We talk about how he’s managing the pandemic, the new album, and some of the highs and lows of one of the UK’s most legendary doom metal acts. Get all the details below…
Paradise Lost is a band with a long cemented legacy in the gothic metal sound. They’ve been treating us to their sombre, dark music for over 30 years now, and have never been afraid to experiment and grow with each release.
Guitarist Greg Mackintosh provides much of the bands signature sound, and despite his 6th sense for creating miserable guitar melodies, he’s in good spirits speaking from his home as we connect over skype to talk.
OD – Hi Greg, I hope you’ve been keeping well.
GREG – All things considered, I’ve been doing good. Professionally and lifestyle-wise it’s a bit odd. Since the age of 18, I don’t think I’ve had more than 3 weeks where I wasn’t travelling or on a stage somewhere.
It’s odd but I’m trying to be optimistic. I’m trying not to read the news because the government don’t seem to know what’s happening, the medical professionals don’t seem to know what’s happening and the economy seems… fucked [Laughs]. It’s odd that a person like me is trying to be optimistic when everything around is pessimism but you know…
OD – Let’s get to it! The new album ‘Obsidian’ is quite varied. Given your previous album ‘Medusa’ had such firm roots in the death/doom genre, was it a conscious choice to do something more difficult to pigeonhole? Or do you create as you go and see what happens?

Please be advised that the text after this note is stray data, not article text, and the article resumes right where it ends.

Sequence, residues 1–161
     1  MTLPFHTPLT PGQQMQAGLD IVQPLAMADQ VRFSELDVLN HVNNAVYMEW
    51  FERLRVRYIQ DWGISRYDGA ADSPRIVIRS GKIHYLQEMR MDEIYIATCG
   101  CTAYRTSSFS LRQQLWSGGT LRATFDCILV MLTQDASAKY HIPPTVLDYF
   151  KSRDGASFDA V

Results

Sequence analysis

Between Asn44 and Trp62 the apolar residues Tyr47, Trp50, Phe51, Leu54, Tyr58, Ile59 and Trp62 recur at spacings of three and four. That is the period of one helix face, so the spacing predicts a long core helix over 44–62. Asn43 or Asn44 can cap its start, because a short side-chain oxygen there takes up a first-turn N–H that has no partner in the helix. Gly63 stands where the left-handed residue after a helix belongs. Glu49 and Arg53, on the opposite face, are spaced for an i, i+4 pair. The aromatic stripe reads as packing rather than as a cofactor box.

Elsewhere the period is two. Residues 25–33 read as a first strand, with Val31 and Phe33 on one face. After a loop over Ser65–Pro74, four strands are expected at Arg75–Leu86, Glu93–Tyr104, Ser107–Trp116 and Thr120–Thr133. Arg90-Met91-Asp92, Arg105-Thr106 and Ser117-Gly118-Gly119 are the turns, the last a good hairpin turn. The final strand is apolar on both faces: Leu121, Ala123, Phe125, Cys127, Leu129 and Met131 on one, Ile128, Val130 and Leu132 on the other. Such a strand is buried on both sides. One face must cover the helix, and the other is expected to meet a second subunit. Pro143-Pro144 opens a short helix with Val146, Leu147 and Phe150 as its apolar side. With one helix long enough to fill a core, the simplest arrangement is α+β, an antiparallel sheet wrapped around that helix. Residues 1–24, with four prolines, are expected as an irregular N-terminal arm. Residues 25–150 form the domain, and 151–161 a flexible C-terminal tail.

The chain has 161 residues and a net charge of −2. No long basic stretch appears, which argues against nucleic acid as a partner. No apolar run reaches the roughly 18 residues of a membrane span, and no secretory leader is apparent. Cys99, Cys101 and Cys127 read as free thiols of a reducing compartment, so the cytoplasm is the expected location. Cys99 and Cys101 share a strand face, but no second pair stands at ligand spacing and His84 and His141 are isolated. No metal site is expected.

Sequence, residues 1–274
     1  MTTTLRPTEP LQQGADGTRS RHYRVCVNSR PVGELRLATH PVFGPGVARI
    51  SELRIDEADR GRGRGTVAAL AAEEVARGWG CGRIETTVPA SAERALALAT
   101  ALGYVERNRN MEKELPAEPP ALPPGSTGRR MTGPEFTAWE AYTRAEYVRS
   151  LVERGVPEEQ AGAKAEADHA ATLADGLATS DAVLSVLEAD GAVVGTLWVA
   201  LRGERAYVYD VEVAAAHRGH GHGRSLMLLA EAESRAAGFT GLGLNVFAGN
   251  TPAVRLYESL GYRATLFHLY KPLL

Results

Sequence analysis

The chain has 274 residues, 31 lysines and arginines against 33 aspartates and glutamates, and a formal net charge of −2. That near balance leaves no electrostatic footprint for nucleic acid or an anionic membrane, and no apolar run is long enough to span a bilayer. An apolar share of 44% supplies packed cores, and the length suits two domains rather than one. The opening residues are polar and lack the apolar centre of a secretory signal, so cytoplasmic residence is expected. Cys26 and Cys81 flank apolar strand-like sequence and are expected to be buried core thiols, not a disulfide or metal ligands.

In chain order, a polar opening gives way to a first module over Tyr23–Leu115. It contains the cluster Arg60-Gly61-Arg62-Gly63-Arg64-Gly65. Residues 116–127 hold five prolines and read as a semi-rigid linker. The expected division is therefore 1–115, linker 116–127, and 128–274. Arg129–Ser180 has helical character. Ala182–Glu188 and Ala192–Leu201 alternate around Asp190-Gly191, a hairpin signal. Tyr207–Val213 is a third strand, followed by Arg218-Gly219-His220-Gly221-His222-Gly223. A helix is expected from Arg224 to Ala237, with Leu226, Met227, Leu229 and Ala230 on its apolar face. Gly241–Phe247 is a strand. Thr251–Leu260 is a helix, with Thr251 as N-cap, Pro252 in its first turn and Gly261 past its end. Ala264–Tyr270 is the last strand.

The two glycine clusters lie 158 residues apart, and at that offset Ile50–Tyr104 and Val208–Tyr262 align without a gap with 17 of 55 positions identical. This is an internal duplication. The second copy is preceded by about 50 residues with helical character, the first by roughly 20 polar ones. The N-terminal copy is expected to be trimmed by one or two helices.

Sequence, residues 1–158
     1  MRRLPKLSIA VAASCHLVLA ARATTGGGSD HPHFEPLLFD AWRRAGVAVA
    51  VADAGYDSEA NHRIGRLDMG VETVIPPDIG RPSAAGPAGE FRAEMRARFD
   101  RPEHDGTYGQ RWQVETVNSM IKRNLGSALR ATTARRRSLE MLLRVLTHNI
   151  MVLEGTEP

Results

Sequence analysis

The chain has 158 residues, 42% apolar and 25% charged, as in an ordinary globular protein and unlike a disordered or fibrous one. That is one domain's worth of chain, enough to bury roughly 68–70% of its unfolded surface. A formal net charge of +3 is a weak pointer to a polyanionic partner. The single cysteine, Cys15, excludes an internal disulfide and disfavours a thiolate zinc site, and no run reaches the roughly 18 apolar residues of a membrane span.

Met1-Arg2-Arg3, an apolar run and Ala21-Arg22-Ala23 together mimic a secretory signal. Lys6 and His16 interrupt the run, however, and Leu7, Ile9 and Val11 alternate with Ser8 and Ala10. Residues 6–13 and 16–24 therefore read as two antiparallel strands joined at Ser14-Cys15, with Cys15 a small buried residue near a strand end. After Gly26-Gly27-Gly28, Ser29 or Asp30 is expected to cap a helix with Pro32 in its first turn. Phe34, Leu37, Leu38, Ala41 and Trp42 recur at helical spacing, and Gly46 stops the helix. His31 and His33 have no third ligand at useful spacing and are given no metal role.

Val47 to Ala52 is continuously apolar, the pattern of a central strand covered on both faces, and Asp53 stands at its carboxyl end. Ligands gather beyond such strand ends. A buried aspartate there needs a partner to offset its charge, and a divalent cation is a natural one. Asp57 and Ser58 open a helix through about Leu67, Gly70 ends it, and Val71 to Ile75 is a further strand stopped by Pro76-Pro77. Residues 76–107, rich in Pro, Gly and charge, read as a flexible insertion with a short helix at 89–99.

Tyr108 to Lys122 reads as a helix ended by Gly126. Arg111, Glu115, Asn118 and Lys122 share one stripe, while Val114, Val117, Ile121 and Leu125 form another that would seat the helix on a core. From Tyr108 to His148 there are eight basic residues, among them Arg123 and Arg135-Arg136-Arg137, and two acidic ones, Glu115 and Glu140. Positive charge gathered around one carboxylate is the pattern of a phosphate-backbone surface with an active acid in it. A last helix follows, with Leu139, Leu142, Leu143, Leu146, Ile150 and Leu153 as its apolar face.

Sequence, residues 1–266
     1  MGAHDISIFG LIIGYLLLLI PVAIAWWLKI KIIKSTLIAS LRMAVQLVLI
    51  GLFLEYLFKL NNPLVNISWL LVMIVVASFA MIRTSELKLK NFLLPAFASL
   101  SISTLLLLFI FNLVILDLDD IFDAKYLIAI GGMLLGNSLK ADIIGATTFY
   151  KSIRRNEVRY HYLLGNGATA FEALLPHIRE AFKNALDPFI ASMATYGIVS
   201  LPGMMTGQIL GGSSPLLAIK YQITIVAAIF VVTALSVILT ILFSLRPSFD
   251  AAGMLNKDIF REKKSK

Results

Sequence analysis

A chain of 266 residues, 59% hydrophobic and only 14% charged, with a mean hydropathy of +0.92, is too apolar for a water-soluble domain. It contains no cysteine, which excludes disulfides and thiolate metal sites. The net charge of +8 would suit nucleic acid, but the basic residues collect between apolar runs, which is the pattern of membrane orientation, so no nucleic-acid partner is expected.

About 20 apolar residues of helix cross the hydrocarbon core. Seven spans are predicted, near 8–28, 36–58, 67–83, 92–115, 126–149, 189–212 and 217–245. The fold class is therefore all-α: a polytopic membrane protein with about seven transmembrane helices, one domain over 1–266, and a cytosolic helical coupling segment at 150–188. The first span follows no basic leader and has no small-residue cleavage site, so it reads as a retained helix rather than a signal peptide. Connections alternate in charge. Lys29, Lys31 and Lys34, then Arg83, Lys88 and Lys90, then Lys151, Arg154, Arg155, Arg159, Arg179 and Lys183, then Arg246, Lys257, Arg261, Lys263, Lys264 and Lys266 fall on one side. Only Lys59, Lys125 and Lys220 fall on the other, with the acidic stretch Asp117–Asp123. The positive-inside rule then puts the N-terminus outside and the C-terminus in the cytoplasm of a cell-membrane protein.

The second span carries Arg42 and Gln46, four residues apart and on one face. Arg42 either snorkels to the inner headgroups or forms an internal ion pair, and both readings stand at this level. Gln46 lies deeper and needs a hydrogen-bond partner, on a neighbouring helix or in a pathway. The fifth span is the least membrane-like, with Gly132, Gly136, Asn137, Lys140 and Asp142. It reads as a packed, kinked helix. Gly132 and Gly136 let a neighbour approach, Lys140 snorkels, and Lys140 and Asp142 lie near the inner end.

GREG – It’s a bit of both. The first part is definitely true because Medusa for us was definitely going to be our full-on doom album. It was quite linear, caveman drums, fuzzy guitars, that was the idea for it!
But then after we’d released that and lived with it and toured it when it came time to write a new record we straight away just for our own enjoyment wanted to do something more varied and eclectic. So that was the initial idea, let’s vary it up a bit.
From that point on we just took it a song at a time. As much as each album is a snapshot of our life at the time, each song is a snapshot of a couple of weeks. So there’s truth to the second part as well, we did take it a step at a time.
When we’d finished recording the album and then listened back to it, we thought; “Ahhh ok, that’s like some kind of musical biography of the band”. That’s not really what we set out to do. It’s just something that happened along the way.
OD – Do you find choosing to shake things up every now and again is what keeps songwriting and gigging exciting all this time?
Greg – I can only speak for myself but I think it’s vitally important in a long career. I have a side project that’s called ‘Strigoi’ that’s ultra-extreme. I finished writing the new Strigoi [listen below] album the day before I moved on to the Paradise Lost album, so that was a breath of fresh air.